Saturday, September 14, 2013

New Paper Posted: "Democratizing International Business and Human Rights by Catalyzing Strategic Litigation: The Guidelines for Multinational Enterprises and the U.N. Guiding Principles of Business and Human Rights From the Bottom Up"

The University of West Virginia College of Law will be hosting its inaugural business and human rights conference, Business and Human Rights: Moving Forward, Looking Back, to be held September 23 – 24, 2013 at the West Virginia University College of Law, Morgantown, WV. The conference chair, Jena Martin has put together a marvelous program on a very current and important project.

(Pix (c) Larry Catá Backer 2013)

I will be presenting a paper at that conference, co-authored with Keren Wang, a PhD candidate at Penn State, Tono Teraoka, a Ph.D. student at the University of Tokyo ansd Nabih Hadadd, a Ph.D. student ay Michigan State University, which we have titled "Democratizing International Business and Human Rights by Catalyzing Strategic Litigation: The Guidelines for Multinational Enterprises and the U.N. Guiding Principles of Business and Human Rights From the Bottom Up." In it we consider a project of democratizing the project of business and human rights and developing strategies through which stakeholders at the lower ends of the human rights value and supply chains and usually the objects of human rights largesse, may more actively participate in the protection of their human rights and engage more actively in the development of those norms meant to protect them.

The conference draft is now available through the Social Science Research Network (SSRN) HERE and the abstract follows below. We would be grateful for comments and suggestions.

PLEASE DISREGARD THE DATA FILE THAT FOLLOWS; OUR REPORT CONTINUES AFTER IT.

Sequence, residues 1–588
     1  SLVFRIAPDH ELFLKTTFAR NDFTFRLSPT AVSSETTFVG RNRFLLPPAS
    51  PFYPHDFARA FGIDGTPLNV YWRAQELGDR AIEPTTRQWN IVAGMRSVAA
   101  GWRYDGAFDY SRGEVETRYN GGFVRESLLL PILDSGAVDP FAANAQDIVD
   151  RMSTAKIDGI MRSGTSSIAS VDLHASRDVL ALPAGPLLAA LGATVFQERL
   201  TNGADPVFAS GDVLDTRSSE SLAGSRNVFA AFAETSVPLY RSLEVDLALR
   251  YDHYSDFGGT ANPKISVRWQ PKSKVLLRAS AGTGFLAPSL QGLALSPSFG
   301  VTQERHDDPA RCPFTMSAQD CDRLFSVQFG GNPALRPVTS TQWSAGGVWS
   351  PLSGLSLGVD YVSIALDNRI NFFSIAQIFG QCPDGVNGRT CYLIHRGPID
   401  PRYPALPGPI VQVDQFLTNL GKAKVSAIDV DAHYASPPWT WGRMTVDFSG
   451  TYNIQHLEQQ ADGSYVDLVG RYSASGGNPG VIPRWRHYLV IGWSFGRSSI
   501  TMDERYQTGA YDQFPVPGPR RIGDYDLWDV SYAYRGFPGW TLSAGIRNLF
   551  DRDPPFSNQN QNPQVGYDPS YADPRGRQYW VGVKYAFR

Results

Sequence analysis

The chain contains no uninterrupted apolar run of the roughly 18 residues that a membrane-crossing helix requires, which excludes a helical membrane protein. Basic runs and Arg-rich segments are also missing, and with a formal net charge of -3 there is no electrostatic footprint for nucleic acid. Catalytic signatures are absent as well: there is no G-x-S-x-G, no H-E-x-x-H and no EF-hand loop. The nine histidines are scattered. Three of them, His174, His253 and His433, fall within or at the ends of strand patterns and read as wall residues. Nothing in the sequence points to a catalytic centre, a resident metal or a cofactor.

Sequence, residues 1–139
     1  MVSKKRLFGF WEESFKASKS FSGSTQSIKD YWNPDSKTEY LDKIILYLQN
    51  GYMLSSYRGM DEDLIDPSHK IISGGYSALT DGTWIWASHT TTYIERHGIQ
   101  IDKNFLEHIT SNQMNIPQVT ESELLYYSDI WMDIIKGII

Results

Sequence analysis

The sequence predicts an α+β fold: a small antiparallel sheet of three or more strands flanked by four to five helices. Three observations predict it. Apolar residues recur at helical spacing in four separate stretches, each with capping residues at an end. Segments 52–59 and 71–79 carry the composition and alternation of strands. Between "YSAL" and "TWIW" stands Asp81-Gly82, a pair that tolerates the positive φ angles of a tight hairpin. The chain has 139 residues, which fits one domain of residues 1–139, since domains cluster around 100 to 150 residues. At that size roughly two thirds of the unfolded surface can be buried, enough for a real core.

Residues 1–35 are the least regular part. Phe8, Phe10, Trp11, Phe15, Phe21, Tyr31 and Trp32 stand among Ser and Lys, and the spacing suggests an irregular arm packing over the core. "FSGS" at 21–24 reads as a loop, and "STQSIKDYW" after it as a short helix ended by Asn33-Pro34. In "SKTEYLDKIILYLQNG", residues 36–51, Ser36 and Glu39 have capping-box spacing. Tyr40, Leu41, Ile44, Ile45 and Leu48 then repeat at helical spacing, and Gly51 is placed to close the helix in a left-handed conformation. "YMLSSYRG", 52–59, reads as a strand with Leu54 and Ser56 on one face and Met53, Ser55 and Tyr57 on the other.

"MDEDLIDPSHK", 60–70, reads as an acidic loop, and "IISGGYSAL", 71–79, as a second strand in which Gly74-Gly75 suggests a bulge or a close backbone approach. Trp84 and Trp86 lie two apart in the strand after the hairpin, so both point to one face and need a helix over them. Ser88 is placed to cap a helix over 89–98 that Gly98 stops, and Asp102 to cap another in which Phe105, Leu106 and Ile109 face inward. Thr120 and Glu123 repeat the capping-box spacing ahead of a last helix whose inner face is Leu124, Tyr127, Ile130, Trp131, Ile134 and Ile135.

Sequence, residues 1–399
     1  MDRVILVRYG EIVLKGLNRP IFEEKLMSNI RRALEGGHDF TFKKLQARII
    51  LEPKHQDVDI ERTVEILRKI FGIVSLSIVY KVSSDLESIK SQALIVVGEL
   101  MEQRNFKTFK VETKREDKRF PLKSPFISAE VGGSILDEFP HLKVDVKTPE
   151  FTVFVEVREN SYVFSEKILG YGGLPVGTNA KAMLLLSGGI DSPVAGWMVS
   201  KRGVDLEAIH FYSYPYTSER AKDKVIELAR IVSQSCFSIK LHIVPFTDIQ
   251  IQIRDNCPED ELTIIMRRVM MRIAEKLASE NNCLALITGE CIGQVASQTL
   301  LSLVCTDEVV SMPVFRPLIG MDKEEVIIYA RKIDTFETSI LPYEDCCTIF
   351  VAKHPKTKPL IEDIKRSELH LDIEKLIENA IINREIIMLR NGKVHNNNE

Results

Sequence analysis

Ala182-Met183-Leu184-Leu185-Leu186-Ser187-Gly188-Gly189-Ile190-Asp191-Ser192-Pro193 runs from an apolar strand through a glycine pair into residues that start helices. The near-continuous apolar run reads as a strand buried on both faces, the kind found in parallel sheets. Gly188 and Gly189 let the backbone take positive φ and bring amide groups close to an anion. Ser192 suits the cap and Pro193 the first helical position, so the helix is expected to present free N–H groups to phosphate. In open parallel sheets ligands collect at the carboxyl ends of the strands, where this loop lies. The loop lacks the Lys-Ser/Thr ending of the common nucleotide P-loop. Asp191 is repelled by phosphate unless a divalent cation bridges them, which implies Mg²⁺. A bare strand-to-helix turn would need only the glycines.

Larry Catá Backer, Nabih Haddad, Tomonori Teraoka, Keren Wang

Abstract: With the June 2011 endorsement of the U.N. Guiding Principles for Business and Human Rights by the U.N. Human Rights Council, the international community entered a new phase in the approach to the important work of developing global norms for economic activity with human rights impacts, irrespective of the states in which these occur. But the business and human rights project still privileges the state and the elite communities of enterprises, lawyers and civil society organizations that form the networks of norm creation and operationalization on which the objects of human rights discourse are dependent. To effectively implement the Guiding Principles requires an empowerment of all stakeholders down the supply and value chain. This empowerment must naturalize the substantive norms embedded in the Guiding Principles into the cultures of business activity shared by all stakeholders. This article, then, elaborates our initial framework for a three-phase approach for the Democratizing Human Rights/Catalyzing Strategic Litigation (DHR/CSL) initiative, which begins with knowledge production centered on focused toolkits, followed by the education/knowledge transmission phase that involves deployment of knowledge-product as toolkits through student centered training, education, and technical assistance; finally, the project will move towards the operationalization phase where large networks of stakeholders can both effectively and sustainably enforce business due diligence through the implementation of litigation/complaint strategies. The combination of knowledge creation, education/technical assistance and targeted litigation/complaint strategies may serve to overcome the problem of evolving the current development of business and human rights project from a bauble for the use of global elites and as an instrumental project to protect the privilege of states to a mechanics of asserting popular power through the mechanics of markets and the invocation of the international procedures which states themselves are bound to honor.

Key words: business due diligence, corporate social responsibility, education, human rights, international law, knowledge management, knowledge spiral cluster, nonprofit organizations, OECD, strategic litigation, Guiding Principles Business and Human Rights, Guidelines for Multinational Enterprises, NGO, governance, soft law, national contact points, human rights due diligence, toolkits
JEL classifications: D63, D8, F53, I2, J8, K33, K41, L17, L3, M14

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